Latex - Durability vs. Longevity

Hi Phoenix,

Can you comment on durability vs. longetivity WRT latex. Specifically all natural vs. blend? Over the last few months I’ve noticed it seems manufacturers like to play word games to tout their product(s) and I’m not convinced I have been explosed to the plain truth yet. I’ll take a stab at conveying what I think the real answer is and then maybe you can correct me if/where I’m wrong…

Durability should rightfully refer to how much use/action a mattress can withstand, more associated with it’s ability to provide the same “performance” after being exposed to such actions, but not so much with a focus on the time element. For example a mattress than is pressure tested repeatedly for a short time. Whereas longetivity refers more to how well a mattress can retain it’s original performance over time (usually a very long time when it comes to mattresses). With this in mind, the concern I have is how various manufacturers are referring to blended vs. all natural latex. I do suspect that indeed a blend (especially in Talalay) is probably more durable than its all natural counterpart, at least in lower ILD’s. However, I do NOT agree that a blend will offer better longetivity. In fact, when comparing latex of higher ILD’s (32 ILD and up cores for example) “durability” is probably not an issue anyway. Rather longetivity is most criitical. So, in conclusion, I can see where higher durability is desirable in lower ILD top layers, especially in Talalay, such that a blend might be a valid marketing angle. But I do not believe that overall a blend is a better choice in cores over all-natural when it comes to longetivity, which is a huge reason many people buy latex in the first place. What I’m driving at is there are some variables involved and for manufacturers to just toss around blanket statements that lead consumers to believe a latex blend or all-natural is better than the other, is just not fair or accurate.

I’m not a chemist, but it seems if something organic is blended with a synthetic, the ratio of breakdown due to age would be proportionate to the age-sensitivity of the weakest link. For example, even very high quality synthentic foam is known to break down simply from age, usually in a timeframe much quicker than all natural latex. Therefore, while a blend might be more durable in softer ILD’s, it would have less longetivity when compared to all-natural latex. A non-trivial difference depending on the ratio of the blend.

Hopefully there’s something worthwhile in the opinions above. If nothing else. it’s an educational discussion you can make corrections or embellishments to. :stuck_out_tongue:


Hi Sonic,

Your question is a great one and you are correct that there is a difference between aging and mechanical durability. Latex ages by oxidation through exposure to oxygen, ozone, ultraviolet light, and through exposure to various metal ions (especially copper) and various chemical compounds (see here for a list).

Latex also breaks down through mechanical processes which involve shear forces, elongation and tensile strength, tear strength, abrasion, compression set, and others. Some of these are internal processes (inside the rubber slab itself) and some are through interaction with the rubber with whatever it is in contact with.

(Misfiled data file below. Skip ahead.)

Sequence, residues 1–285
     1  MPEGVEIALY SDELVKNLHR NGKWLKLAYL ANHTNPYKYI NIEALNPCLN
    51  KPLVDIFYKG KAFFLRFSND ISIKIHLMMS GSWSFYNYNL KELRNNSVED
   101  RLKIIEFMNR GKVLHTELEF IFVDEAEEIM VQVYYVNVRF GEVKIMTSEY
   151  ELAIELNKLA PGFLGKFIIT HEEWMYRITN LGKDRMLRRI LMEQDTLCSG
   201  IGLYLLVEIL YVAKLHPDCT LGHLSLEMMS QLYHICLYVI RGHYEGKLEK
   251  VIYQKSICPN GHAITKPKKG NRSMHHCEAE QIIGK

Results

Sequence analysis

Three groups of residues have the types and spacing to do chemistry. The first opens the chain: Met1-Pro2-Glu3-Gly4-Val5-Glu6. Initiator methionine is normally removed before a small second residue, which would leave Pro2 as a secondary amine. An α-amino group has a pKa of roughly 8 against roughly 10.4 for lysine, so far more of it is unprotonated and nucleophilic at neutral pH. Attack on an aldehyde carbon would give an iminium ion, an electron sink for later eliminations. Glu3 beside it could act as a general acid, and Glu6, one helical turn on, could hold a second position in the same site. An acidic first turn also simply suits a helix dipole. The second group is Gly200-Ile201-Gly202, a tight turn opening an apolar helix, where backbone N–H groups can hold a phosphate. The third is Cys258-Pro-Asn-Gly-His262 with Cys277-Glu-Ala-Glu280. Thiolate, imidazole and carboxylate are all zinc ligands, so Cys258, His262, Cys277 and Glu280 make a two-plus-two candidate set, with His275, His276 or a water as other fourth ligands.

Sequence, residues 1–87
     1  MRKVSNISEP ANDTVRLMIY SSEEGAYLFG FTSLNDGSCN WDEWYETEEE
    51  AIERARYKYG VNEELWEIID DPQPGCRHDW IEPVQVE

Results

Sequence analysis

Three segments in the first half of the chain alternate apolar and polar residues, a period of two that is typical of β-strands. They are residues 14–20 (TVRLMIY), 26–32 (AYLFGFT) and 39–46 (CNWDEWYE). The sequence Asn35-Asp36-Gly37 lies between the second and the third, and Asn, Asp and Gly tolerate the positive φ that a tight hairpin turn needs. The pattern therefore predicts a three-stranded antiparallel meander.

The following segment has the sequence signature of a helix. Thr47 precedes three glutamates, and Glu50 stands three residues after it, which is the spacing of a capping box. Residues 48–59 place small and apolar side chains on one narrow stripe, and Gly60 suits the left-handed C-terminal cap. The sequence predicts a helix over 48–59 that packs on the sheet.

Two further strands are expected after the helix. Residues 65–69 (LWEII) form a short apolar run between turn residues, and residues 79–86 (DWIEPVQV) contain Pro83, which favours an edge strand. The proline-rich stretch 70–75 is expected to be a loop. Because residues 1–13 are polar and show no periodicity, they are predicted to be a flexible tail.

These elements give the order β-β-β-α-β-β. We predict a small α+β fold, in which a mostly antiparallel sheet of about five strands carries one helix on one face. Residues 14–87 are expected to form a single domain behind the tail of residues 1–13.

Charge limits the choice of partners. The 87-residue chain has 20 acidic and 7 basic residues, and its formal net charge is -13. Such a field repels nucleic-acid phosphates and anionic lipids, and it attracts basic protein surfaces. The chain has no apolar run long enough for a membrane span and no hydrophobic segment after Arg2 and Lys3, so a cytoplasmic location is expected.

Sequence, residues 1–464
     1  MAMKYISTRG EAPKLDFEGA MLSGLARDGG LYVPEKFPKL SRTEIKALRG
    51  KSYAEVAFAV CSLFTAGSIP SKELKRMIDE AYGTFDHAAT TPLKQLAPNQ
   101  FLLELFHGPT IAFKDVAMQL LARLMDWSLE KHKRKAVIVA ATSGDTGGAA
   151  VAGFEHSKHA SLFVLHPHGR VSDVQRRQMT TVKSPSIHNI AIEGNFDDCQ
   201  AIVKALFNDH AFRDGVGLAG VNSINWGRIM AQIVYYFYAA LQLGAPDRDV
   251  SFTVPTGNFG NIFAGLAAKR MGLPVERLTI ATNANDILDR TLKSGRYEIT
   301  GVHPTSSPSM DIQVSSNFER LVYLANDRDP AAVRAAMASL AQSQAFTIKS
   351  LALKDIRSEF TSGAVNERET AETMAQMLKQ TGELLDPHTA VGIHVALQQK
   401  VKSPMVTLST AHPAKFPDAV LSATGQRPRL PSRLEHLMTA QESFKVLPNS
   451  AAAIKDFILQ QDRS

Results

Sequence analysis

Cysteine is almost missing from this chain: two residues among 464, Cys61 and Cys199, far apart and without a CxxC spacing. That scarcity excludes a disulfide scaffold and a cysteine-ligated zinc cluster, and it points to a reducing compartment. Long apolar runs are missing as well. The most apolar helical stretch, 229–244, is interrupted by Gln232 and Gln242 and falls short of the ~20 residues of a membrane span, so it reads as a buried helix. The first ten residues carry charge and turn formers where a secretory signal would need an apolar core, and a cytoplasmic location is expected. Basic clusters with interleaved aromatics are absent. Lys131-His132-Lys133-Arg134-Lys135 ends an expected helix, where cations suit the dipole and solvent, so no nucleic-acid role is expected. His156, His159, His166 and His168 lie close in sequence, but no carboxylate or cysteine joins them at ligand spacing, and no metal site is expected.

The answer to how each process affects each different formulation of rubber depends on the composition of the rubber itself and the many things that are added to it (such as vulcanizing agents, accelerators, antioxidants, fillers etc), and even to the source of latex itself (particle size, dispersion, and agglomeration, method of concentration, ratio of styrene to butadiene and many other factors). Latex chemistry and compounding methods is still an evolving science and there is a huge amount of different “formulae” that are used. It is an incredibly technical and complex question as indicated in just a few of the links I have included at the end of this post.

While I am also not a foam chemist … I have read a great deal of detailed information on the subject and spent a great deal of time talking with experts in the industry and I agree with you that most of the online information provided by many sources is slanted towards what they themselves sell or simply a repeat of incorrect information.

My personal belief based on a great deal of research and the “preponderance of the evidence” is as follows …

In general … NR (Natural Rubber) latex is superior to SBR rubber in most areas with a few exceptions. To some degree this depends on the type of SBR that it is compared to and on the additives that are used in compounding both. The exceptions are heat aging and wear resistance where SBR can have advantages. NR also tends to soften more with oxidative aging while SBR tends to harden with oxidative aging because the oxidative processes affect their polymer structure differently. Both will end up hard and brittle when fully oxidized (which if the latex is protected will take a very long time).

With Dunlop synthetic latex may lose height (develop impressions) more than 100% natural while natural rubber may become softer over time more than synthetic rubber.